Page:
ISRO successfully launches the navigation satellite IRNSS-1I to replace defective IRNSS-1A


SRIHARIKOTA, Thursday 4:04 AM: ISRO (Indian Research space organization) successfully launched the PSLV-C41 rocket carrying ISRO's eighth navigational satellite IRNSS-1I from Sriharikota and successfully placed the satellite in the designated orbit. The PSLV-C41 rocket launched off at 4.04 am from the Sathish Dhawan Space Centre [1st launch pad]. A little more than 19 minutes into the flight, the rocket threw IRNSS-1I into the orbit from where the satellite will be taken up to its last position at geosynchronous orbit at 36,000 km height.

On this great achievement, ISRO Chairman K Sivan congratulated the researchers and the scientists behind this mission. Sivan stated that for this great success, the entire ISRO team has worked very hard. He also stated that over the next 8 months, ISRO has arranged nine launch missions which also includes the moon mission to the end of this year.

The IRNSS-1I satellite is launched into orbit to replace the first IRNSS-1A satellite, whose three Rubidium atomic clocks had stopped working about two years ago. Due to the malfunctioning of the atomic clocks in IRNSS-1A, it was very difficult and hard to measure the locational data and information from the satellite. For this reason only, the ISRO team planned to replace the faulty IRNSS-1A satellite.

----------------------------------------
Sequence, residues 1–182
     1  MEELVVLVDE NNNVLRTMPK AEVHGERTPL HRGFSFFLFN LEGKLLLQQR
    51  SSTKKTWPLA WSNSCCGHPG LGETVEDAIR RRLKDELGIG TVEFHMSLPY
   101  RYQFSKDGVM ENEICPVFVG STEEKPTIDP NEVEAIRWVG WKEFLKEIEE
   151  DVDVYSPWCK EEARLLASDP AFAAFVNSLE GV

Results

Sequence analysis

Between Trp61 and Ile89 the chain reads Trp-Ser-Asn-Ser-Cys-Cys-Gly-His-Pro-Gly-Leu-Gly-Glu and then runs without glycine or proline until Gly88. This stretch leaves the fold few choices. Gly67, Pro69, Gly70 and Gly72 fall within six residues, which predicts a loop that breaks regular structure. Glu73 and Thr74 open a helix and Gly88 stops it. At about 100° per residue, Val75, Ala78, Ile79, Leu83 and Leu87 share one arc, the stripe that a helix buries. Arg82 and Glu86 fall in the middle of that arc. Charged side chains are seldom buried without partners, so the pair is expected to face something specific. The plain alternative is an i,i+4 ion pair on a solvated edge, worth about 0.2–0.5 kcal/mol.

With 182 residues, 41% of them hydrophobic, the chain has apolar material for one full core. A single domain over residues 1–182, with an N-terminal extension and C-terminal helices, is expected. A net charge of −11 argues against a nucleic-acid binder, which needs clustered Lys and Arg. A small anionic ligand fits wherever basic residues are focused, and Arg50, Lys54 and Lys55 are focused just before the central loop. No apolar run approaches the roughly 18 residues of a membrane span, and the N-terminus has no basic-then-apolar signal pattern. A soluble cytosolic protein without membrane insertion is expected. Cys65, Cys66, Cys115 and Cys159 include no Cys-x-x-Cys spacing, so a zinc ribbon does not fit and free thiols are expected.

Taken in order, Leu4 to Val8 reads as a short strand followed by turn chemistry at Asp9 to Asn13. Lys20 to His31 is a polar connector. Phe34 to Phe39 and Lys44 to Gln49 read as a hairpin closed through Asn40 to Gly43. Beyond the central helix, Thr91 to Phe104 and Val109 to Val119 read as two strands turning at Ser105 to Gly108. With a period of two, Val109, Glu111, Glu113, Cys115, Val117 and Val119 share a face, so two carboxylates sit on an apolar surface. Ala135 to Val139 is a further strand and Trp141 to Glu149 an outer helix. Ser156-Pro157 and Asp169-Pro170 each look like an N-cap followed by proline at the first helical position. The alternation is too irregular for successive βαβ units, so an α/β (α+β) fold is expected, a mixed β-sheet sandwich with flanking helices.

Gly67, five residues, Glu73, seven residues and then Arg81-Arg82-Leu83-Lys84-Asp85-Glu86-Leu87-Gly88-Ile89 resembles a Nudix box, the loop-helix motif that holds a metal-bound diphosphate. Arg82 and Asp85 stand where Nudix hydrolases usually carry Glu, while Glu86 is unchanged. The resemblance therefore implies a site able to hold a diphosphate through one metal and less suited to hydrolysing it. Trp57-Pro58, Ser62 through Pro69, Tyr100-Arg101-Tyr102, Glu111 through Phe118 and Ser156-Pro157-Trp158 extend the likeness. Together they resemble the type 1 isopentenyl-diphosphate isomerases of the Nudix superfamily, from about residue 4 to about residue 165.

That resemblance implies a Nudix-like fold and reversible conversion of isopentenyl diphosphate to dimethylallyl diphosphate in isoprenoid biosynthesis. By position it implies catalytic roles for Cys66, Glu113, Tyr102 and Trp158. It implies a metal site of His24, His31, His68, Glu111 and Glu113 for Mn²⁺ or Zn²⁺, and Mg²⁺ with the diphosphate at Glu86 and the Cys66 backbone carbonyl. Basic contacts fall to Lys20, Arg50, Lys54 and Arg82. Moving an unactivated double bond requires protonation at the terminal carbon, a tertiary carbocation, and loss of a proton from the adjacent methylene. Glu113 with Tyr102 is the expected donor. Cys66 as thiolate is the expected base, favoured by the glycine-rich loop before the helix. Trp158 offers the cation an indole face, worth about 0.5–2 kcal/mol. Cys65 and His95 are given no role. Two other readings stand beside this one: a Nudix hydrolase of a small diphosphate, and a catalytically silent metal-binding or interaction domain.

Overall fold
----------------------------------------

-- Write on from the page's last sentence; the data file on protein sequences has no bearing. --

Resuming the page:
The launched IRNSS-1I satellite weights 1,425kg and the lifespan of this satellite is 10 years. The IRNSS-1I has become the eighth satellite to join the group of navigational satellites - NavIC (Navigation with Indian Constellation) or also known as 'desi' GPS or IRNSS. IRNSS-1I satellite has two types of payloads, (1) Navigation (2) Ranging. The navigation payload transmits signal for calculation of velocity, time and position. The ranging payload is composed of C-band transponder, which allows to calculate the exact range of the satellite. The Ranging payload also has a Corner Cube Retroreflectors for Laser ranging which Serves for civilian and military both. NavIC (Navigation with Indian Constellation) satellites are designed and developed in a way to provide precise position data services to Indian users and it also serves to its outside region (1,500 km range from its boundary)

The IRNSS-1I satellite is assembled with a new technology called the friction stir welding which will improve productivity and will also increase the payload capability of the vehicle. Thanks to the Alpha Design Technologies who played a great role in the unification of IRNSS-1I satellite. 

According to the ISRO updates, the NavIC (Navigation with Indian Constellation) will provide an advance and futuristic positioning system applications to the related position services community and will soon release the app for the user community.

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